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Looking for Alternative to Graduate School

crazycruxcrazycrux Registered User Posts: 5 New Member
Hello all,
When I first went to college, I rushed off, meaning that I did not spend the extra time necessary to get a good SAT score (I had sub-par performance in high school due to a disregard for academics), and I did not pick a good college. Furthermore, I picked a degree at random and have moved laterally in my field of study for a while now. I am currently studying Biochemistry and Mol. Cellular Bio, and have a 3.46 GPA overall (likely to go down after this semester). I have been forced with the incontrovertible fact that I likely will not be going to graduate school, nor am I likely to do well in it if I do attend anyhow. So, I have to ask the question: what next? I will graduate with a bachelor's in biochemistry, but this is a preliminary degree, not a professional certification. I have some undergraduate research experience, and have been to national scientific conferences with my research poster, so I suppose that counts for something. Anyways, what do you all think? Am I simply going through some self-doubt, or should I start looking elsewhere, for a new game to play - so to speak.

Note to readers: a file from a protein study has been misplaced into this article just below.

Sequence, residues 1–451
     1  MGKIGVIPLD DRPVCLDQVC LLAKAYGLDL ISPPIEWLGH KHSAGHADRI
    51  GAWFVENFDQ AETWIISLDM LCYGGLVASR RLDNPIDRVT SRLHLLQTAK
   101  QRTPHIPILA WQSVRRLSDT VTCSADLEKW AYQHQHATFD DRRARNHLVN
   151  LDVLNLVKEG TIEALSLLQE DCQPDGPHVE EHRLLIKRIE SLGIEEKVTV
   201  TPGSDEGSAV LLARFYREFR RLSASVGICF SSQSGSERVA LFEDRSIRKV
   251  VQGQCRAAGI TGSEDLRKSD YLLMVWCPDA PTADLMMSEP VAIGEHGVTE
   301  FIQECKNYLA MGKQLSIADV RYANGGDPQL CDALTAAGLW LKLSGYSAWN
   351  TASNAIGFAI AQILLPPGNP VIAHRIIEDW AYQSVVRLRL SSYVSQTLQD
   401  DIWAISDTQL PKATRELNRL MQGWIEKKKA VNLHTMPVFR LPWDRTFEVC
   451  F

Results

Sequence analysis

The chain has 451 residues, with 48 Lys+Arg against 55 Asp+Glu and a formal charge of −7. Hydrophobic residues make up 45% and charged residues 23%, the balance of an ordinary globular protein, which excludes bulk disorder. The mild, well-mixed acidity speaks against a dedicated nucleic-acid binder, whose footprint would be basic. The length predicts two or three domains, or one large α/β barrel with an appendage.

Replies to: Looking for Alternative to Graduate School

  • crazycruxcrazycrux Registered User Posts: 5 New Member
    A little additive information: I have a hard time getting myself to work hard and setting myself to a strong, rigid schedule, which is another reason that I have decided that graduate school is not for me. My roommate, who knows me very well, has told me he thinks I am most capable of graduate school, and my second roommate has concurred. Am I suffering impostor syndrome? I am trying to, as honestly as possible, evaluate what I should do next. Please give me the best insight that you all can.
  • CheddarcheeseMNCheddarcheeseMN Registered User Posts: 3,211 Senior Member
    edited April 2018
    You haven’t said what you want to do. Work in science, work in business, be a teacher.?